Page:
Tuesday, February 9, 2010

The needle and the damage done

The retraction of the Wakefield article has provoked a number of editorial and Op-Ed pieces. I spotted this one in the LA Times a few days ago - The damage of the anti-vaccination movement.

Some groups claim only to oppose mandatory vaccines, but this ignores the need for what's called "herd immunity." That means a certain level of the population must be vaccinated (generally around 85% to 90%) so those unvaccinated are still protected.

Lack of herd immunity is what killed Gabriella "Brie" Romaguera. The New Orleans baby died of pertussis, or whooping cough. At one time, this disease afflicted more than 250,000 American children yearly, killing 9,000. Vaccinations reduced that to just 1,000 new cases annually by 1976; but by 2008, cases had soared to more than 10,000 annually.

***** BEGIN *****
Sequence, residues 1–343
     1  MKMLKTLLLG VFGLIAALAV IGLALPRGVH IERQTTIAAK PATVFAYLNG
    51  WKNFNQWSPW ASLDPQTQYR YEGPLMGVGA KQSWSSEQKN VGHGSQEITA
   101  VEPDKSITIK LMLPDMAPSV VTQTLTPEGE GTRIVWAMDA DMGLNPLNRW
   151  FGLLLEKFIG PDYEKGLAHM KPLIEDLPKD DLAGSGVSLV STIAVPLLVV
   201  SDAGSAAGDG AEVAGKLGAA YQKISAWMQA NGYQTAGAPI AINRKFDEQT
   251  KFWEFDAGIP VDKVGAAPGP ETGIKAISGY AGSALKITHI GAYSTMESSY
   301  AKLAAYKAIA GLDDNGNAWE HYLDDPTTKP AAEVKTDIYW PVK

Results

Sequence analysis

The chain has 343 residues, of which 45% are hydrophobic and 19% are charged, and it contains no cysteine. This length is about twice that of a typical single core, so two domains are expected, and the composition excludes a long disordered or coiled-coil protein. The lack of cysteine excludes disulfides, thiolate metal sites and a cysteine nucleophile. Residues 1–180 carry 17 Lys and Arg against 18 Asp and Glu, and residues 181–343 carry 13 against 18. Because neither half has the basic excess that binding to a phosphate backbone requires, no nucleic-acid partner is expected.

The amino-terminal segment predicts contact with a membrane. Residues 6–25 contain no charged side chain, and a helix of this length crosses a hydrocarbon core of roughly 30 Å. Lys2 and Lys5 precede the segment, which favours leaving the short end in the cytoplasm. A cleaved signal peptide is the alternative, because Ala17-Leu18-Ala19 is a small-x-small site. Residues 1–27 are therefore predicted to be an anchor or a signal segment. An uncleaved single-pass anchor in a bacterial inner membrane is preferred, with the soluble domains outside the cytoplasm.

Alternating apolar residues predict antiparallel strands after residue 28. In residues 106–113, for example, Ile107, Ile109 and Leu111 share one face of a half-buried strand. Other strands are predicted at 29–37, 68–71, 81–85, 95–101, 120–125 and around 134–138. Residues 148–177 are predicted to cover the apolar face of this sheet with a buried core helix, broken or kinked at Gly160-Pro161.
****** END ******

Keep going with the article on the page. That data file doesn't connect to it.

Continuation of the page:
Brie contracted the disease when she was a month old, too young for her first pertussis vaccine. "I'm not laying blame," her mother, Danielle, told me. "But people need to know they can infect other people's babies. It kills. People think these diseases don't exist anymore, but that's only because children are being vaccinated."

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